I want books!
I WILL NOT WAIT!

Books in color,
Black and white,
Skinny books,
Fat books,
Day and night.

Books are good!
Books are great!
I want books!
I WILL NOT WAIT!

Sad books,
Glad books,
Funny books too,
Books for me
And books for you.

Books are good!
Books are great!
I want books!
I WILL NOT WAIT!

Extension:


Once students hear the poem, explain that you will reread it, but this time they join in on the refrain. Read the refrain together, and explain that each time they get to the text in that color they will join in. The second color is for the words the teacher reads. As students become familiar with the verses, assign specific lines to students, and have them read them out. Practice this poem often so students can begin each library lesson with a choral reading to get them ready for books!

Thursday, April 9, 2009

Poetry Book Review: Yum! MmMm! Que Rico!


Yum! MmMm! Que Rico! Americas' Sproutings

Written by: Pat Mora

Illustrated by: Rafael Lopez

Publisher: Lee and Low Books; 2007

ISBN #: 978-1-58430-271-1

Summary:

This collection of fourteen haiku poems by Pat Mora are all about foods that are native to the Americas. Each poem is accompanied by some background information about each individual food as well as a colorful illustration that brings each verse to life.

My Thoughts on This Book:

One warning about this book--don't read it when you are hungry! The colorful illustrations by Lopez vibrantly jump off the page almost as juicy as the fruits described in some of the haiku! Pat Mora does a beautiful job of describing these foods native to the Americas in the concise haiku format. Her word choice is perfect to describe these delicious foods--many of which I did not realize were native to the Americas until I read this book. This would be an excellent book to share with students to introduce them to the poetic form of haiku.

The background information provided about each food are an added bonus, providing the reader with the origins of each food as well as ways each food can be prepared and served. I also enjoyed the touches of Spanish influence throughout the book from Spanish words interspersed throughout some of the poems. A great way to add some Spanish to your vocabulary!

Review Excerpt:

From School Library Journal: "Teachers will find this a welcome addition to their social-studies units, but it should also win a broad general audience for its inventive, fun-filled approach to an ever-popular topic: food."

Tuesday, March 24, 2009

Poetry Break: Spring


Poem: Robin

Written by: Marilyn Singer

From: Fireflies at Midnight

Illustrated by: Ken Robbins

Published by: Atheneum Books for Young Readers, 2003
ISBN #: 978-0-689-82492-0

Introduction:

Ask students to name some things that let us know spring is on the way. Keep track of their responses on a piece of chart paper. After listing several responses, tell students that the way how you know spring is in the air is that robins begin showing up in the backyard. Explain that the poem you are about to share is from the robin's point of view. Have students softly "chirp" like a bird as you read the poem to them.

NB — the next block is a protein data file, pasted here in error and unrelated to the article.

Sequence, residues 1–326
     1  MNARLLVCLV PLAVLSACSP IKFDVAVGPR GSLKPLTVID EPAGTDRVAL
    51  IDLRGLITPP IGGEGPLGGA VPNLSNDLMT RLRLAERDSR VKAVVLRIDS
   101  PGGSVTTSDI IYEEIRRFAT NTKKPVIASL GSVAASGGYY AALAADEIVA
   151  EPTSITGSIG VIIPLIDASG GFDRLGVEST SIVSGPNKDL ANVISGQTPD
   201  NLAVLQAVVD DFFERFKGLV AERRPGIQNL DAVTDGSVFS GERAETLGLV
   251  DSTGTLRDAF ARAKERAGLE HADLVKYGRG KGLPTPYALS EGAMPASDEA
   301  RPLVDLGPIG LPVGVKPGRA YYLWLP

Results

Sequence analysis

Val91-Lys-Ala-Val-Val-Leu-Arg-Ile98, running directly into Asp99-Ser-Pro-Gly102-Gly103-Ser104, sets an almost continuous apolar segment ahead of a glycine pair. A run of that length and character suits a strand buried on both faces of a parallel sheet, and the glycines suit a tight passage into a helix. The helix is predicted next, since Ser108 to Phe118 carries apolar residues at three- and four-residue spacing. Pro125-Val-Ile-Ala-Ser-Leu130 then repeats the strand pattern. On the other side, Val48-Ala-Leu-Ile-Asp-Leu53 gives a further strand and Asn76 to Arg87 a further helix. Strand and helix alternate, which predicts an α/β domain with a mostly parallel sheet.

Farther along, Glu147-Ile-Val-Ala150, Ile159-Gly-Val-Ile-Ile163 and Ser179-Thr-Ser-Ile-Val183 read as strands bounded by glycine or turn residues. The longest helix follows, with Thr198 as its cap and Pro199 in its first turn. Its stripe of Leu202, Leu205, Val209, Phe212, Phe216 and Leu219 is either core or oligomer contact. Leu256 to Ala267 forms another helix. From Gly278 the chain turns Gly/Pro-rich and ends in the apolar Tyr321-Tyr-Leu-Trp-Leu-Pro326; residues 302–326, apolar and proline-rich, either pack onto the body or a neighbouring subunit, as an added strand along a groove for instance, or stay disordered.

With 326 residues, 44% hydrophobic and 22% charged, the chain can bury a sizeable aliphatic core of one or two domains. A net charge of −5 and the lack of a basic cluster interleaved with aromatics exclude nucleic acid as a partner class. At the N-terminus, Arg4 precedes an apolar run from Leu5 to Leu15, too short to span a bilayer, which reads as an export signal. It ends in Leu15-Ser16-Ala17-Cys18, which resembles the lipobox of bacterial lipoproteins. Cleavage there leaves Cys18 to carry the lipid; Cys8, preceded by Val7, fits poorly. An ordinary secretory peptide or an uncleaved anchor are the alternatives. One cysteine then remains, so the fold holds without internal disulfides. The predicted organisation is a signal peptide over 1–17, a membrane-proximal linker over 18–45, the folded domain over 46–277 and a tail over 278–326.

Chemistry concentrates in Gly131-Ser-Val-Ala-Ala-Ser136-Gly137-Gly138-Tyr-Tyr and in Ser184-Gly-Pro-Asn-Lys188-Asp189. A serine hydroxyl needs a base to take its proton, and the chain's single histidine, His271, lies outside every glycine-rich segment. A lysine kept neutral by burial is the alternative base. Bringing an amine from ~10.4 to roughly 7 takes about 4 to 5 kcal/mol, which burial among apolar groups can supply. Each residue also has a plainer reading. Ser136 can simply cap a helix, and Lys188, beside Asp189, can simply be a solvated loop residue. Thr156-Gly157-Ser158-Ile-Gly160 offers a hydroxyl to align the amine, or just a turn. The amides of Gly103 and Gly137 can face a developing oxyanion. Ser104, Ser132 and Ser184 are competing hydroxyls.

Robin
by Marilyn Singer

Up cheerup I'm up
Let me be first to greet the light
First cheerily first
Hello day, good-bye night

Up cheerup I'm up
In this tree soon chicks will hatch
soon Cheerily soon
Down below are worms to catch

Up cheerup I'm up
Hail chicks and worms and sky!
Hail cheerily hail
Morning robins are not shy

Extension:


Repeat the poem with students reading along with you on the first and third lines of each verse. Have students think back to the list they made before reading them poem. Challenge them to take another sign of spring and create a poem about that object or sign.

Poetry Break: Biographical Poetry

Poem: Eleanor Roosevelt

Written by: Rebecca Kai Dotlich

From: LIVES: Poems About Famous Americans

Anthology by: Lee Bennett Hopkins

Illustrated by: Leslie Staub

ISBN: 0-06-027767-X

Awards/Recognitions:

Notable Children's Trade Books in the Field of Social Studies 2000, National Council for Social Studies & Children's Book Council

Introduction:

Ask students if they know who Eleanor Roosevelt was. Ask if they know what title is given to the President's wife. When they respond with First Lady, tell them that Eleanor Roosevelt was President Franklin Roosevelt's wife. Explain how during FDR's presidency, the nation was suffering from the Great Depression, and then became involved in World War II. Eleanor Roosevelt was a person that many Americans looked to for comfort during these times. Share the poem:

Elanor Roosevelt
by Rebecca Kai Dotlich

She chiseled out
the rarest place;
First Lady of the World, that face--
a portrait
of beguiling grace
endeared her to us all.

Who among us can't recall
the words she spoke
to soothe the poor.
And soldiers who had been to war
declared her their own
Eleanor.

Our First Lady Eleanor; this Nation's charming chancellor.

Anna Eleanor Roosevelt--